The essence of Judaism is, and has always been, pluralism. Diverse opinions have always been part of the Jewish narrative, leading to the formation of diverse communities. The Essenes, the Samaritans, the Sadducees, the Pharisees, the Zealots, the Mystics, the Chasidim, the Mitnagdim, the Crypto-Jews, all these differing groups form a larger tapestry of diverse thought and Jewish expression. To some, love your neighbor as yourself means to show them love regardless of who they are and the ethical choices they make. To others, love your neighbor means to rebuke them, a commandment we find only two verses before our central verse. Diversity in Jewish thought has, and will always be, the seed from which the Jewish community grows. If we all think the same and act the same, there is no growth unless it is imposed by external circumstances. The Mishnah, the first attempt to codify the law from Torah, specifically records majority and minority opinions in the understanding that one day in the future the minority opinion may become the majority opinion.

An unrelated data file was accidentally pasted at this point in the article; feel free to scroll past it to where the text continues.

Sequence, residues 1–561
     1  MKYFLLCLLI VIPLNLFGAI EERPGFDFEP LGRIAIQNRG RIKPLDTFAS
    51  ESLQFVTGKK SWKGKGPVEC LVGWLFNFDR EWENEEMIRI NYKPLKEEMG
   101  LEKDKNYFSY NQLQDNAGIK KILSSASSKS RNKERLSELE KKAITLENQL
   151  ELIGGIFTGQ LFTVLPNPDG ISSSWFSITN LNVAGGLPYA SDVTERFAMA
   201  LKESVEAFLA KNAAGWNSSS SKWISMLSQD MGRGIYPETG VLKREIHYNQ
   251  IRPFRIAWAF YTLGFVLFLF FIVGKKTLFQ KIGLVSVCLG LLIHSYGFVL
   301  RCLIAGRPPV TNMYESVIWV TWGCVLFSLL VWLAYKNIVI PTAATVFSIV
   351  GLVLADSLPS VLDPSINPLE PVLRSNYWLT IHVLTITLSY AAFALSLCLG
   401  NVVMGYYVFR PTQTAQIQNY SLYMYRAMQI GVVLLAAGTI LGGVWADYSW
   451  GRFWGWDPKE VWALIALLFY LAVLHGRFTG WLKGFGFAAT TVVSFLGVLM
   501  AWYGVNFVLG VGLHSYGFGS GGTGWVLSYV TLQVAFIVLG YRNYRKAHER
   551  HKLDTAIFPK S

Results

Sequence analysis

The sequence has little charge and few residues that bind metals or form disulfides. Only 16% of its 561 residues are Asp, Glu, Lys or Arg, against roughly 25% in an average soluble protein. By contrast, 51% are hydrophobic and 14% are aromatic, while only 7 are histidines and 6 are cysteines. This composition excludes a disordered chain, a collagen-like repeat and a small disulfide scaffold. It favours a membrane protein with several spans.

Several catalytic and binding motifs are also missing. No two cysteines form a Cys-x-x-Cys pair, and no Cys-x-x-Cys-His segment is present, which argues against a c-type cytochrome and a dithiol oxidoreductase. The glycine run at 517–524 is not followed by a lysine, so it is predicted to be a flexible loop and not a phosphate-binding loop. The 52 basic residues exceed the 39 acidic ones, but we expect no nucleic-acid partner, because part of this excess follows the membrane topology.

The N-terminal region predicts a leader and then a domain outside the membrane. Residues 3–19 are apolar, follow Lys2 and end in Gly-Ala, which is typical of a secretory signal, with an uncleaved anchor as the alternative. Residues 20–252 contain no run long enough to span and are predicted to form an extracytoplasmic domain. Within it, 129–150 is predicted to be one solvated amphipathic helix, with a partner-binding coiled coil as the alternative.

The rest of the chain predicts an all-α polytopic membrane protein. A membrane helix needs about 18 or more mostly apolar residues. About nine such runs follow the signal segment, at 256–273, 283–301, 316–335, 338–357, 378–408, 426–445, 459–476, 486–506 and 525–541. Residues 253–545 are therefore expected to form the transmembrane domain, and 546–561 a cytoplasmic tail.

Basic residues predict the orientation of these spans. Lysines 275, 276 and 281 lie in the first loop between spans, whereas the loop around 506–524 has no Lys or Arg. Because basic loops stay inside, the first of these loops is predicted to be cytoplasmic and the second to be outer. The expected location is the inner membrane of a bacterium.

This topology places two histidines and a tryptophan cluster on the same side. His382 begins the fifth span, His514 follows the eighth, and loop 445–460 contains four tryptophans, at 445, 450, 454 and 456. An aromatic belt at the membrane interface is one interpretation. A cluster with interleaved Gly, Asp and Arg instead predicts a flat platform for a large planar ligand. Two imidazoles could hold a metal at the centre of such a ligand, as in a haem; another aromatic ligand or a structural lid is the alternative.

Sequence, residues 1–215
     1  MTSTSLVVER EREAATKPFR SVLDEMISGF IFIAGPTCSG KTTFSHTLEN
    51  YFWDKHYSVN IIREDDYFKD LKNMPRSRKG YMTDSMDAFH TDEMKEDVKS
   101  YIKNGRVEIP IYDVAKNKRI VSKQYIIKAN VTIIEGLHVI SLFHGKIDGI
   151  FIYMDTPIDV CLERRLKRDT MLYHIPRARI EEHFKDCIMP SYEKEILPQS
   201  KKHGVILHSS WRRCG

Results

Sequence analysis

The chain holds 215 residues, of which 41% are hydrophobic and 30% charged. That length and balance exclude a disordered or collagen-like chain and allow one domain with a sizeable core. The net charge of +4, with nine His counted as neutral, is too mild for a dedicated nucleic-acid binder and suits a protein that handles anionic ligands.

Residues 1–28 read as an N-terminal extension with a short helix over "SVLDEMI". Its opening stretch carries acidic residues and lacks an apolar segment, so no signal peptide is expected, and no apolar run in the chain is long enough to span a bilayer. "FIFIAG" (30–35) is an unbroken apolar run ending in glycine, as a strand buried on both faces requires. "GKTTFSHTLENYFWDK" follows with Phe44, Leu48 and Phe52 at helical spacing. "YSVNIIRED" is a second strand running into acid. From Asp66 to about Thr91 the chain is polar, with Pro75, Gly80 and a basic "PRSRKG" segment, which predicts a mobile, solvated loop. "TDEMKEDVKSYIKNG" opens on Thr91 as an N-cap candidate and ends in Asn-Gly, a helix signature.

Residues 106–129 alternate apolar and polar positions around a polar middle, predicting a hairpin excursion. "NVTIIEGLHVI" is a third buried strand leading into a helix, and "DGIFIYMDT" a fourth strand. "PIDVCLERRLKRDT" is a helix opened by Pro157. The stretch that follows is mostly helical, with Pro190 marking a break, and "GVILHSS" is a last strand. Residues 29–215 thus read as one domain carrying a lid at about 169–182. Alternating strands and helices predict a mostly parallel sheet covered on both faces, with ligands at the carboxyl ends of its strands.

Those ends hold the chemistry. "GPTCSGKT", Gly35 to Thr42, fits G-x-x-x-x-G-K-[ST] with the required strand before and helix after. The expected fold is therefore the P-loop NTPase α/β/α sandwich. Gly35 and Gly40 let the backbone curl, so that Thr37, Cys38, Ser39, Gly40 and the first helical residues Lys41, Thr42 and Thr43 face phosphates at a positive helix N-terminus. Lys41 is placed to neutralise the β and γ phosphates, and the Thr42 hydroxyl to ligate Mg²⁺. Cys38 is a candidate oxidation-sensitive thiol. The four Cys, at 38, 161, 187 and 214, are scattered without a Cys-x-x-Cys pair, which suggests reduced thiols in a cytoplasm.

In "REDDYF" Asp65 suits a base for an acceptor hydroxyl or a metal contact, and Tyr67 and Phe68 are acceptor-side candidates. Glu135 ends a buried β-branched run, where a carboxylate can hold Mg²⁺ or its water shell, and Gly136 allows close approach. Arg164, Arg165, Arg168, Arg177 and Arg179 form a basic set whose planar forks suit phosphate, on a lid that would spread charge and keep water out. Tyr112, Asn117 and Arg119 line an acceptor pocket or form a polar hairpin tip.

With that in mind, looking back at the Talmudic story, we need to take seriously both the response of Hillel and of Shammai to this Biblical verse as expressed in the question by the student. It’s very easy to just focus on Hillel’s response but to do so would be a mistake. We start with one verse, and then two great Sages respond to it. Had Shammai wanted to, he could have said the same as Hillel. He would have known that Love your Neighbor as Yourself was the central verse of Torah and could have said something very similar to Hillel, but he chose not to. Why? Because while it may be central, it has to be the center of something. “Go and study” works for some students but for the student who asks for the whole of Torah on one foot, it is probably totally meaningless! This is not a student who’s interested in long-term study! For Shammai, while this verse is central, it’s not sufficient. It needs context. In fact, where Hillel focused on ethical human behavior, there’s another clause in that verse, which actually says V’ahavta l’re’acha c’mocha, ani Adonai. It doesn’t just say Love your neighbor – it also includes a strong theological element which Hillel totally omits! Apparently, God is commentary for Hillel! That doesn’t make any sense given the context of his other statements which are obviously deeply theological. So, it’s a mistake to just focus on one response, we need to focus on both.